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Why Would an Experienced Investor Buy a Target-Date Fund?

A reader writes in, asking:

“I saw the recent article on Squared Away about target funds appealing to inexperienced investors. [Mike’s note: see here.] I gather that you use a target date fund yourself, despite being an experienced investor. Could you elaborate on why experienced investors might want to use a target date fund?”

Target-date funds, like anything else, are not a good fit for everybody. But personally I’m of the opinion that they’re a sophisticated tool, offering fantastic value for their cost (at low-cost fund families anyway). And I’ve heard from many experienced investors, citing a variety of reasons why they choose to use target-date funds.

I’ve heard from people who use target-date funds primarily for the time savings. They found that it took quite a while to rebalance a portfolio of several different asset classes across many different accounts, and they like not having to deal with that.

I’ve heard from people who use target-date funds because they consider themselves to be math-averse (or finance-averse) and they found the process of rebalancing to be stressful.

I’ve heard from people who use target-date funds to simplify the portfolio for the sake of their spouse (e.g., in case their spouse outlives them).

I’ve heard from people who use target-date funds to simplify their portfolio to protect (to some extent) against cognitive decline.

I’ve heard from people who use target-date funds to make it easier to “stay the course” in market downturns. That is, with a target-date fund, they only see the overall portfolio decline, which is always less than the decline in the worst asset class. So there’s no longer the temptation to bail out of the worst-performing fund(s).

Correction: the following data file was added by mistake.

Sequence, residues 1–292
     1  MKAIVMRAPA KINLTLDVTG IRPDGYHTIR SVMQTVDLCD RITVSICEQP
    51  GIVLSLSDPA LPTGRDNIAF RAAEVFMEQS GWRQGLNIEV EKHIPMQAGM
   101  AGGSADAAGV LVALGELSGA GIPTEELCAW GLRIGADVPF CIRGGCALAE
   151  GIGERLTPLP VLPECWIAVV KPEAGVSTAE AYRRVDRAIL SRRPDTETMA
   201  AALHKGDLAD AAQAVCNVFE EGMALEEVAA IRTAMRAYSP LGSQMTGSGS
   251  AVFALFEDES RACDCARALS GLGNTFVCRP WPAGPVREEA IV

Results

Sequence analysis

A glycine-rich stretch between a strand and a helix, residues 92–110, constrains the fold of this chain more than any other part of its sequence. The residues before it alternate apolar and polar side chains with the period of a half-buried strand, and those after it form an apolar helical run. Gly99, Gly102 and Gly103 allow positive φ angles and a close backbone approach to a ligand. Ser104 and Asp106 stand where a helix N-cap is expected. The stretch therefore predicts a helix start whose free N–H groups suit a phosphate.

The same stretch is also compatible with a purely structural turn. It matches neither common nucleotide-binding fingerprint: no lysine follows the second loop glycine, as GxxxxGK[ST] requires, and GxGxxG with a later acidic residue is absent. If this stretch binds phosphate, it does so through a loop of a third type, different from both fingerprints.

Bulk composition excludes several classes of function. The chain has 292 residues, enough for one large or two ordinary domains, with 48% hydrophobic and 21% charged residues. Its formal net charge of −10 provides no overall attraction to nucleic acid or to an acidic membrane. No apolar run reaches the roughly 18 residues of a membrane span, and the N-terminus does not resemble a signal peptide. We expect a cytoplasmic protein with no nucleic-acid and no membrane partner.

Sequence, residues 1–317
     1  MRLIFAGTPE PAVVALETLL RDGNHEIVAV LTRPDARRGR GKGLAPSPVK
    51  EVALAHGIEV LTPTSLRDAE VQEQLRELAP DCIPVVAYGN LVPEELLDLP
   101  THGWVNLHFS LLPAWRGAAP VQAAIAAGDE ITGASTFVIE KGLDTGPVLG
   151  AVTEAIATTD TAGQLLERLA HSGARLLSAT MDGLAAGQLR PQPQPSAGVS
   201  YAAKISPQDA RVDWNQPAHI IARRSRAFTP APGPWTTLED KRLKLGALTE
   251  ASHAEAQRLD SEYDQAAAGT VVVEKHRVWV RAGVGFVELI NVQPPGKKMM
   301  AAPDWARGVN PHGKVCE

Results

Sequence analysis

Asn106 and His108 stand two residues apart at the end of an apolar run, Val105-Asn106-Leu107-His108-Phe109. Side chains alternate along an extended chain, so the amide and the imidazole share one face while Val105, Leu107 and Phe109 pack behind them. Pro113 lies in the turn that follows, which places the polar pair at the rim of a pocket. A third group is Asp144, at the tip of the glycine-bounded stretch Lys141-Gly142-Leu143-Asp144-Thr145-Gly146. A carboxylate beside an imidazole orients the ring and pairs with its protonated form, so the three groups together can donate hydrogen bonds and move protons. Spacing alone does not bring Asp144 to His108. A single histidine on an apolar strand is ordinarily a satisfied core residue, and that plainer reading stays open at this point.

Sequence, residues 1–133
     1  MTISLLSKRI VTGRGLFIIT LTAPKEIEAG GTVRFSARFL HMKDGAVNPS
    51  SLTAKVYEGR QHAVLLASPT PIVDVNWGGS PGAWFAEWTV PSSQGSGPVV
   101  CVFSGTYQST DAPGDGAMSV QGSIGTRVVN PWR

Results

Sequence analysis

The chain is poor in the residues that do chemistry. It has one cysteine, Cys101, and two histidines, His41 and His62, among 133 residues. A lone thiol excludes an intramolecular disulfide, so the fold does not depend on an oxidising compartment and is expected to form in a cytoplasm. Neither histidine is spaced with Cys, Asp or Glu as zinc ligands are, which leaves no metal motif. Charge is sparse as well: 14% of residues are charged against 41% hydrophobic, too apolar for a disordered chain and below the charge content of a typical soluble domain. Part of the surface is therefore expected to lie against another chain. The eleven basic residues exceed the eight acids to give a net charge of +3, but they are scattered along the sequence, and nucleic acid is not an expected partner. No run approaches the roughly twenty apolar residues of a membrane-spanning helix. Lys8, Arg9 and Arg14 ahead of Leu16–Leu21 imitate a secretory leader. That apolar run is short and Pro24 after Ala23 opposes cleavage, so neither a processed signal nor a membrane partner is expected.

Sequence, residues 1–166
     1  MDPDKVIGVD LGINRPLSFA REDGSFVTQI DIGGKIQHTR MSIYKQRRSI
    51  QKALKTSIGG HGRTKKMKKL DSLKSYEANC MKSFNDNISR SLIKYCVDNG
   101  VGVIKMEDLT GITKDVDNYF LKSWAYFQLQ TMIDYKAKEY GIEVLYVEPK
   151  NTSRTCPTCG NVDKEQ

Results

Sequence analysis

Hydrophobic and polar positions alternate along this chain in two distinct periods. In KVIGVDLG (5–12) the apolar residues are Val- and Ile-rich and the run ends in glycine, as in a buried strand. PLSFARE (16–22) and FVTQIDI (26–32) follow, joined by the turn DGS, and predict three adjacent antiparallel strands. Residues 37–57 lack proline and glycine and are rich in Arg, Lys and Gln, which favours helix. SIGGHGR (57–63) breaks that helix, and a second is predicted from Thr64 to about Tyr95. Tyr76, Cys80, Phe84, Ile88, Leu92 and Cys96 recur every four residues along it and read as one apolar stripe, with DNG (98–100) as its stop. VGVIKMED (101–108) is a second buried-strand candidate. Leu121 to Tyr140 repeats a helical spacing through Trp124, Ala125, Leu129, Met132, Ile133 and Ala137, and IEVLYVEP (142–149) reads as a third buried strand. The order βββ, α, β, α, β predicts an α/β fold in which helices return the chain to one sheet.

As for me personally, I use a LifeStrategy fund (which is very similar to a target-date fund) in order to avoid a common behavioral finance error: tinkering.

You see, even in the “passive/index investing” camp, there are many differences of opinion about how to build a portfolio. For example, there is no consensus regarding how much of your bond allocation should be invested in corporate bonds. Ditto for high-yield bonds, international bonds, mortgage-backed bonds, TIPS, and so on. And there are similar differences of opinion regarding the stock portion of the portfolio as well.

So what’s an investor to do?

Really, the only thing to be done is simply pick one option and stick with it, even if you’re not 100% sure that it’s the correct option (and, to be clear, you won’t be sure). For some people, “sticking with it” is easy to do. For other people, it’s not so easy.

For me, what I found was that, when I went to rebalance our portfolio (which was approximately every month when I made new retirement account contributions), I would often be tempted to make one small change or another based on whatever I had read recently. Now, with an all-in-one fund, that temptation is gone. I simply log in, contribute as much money as I want to contribute, and that’s all there is to it.

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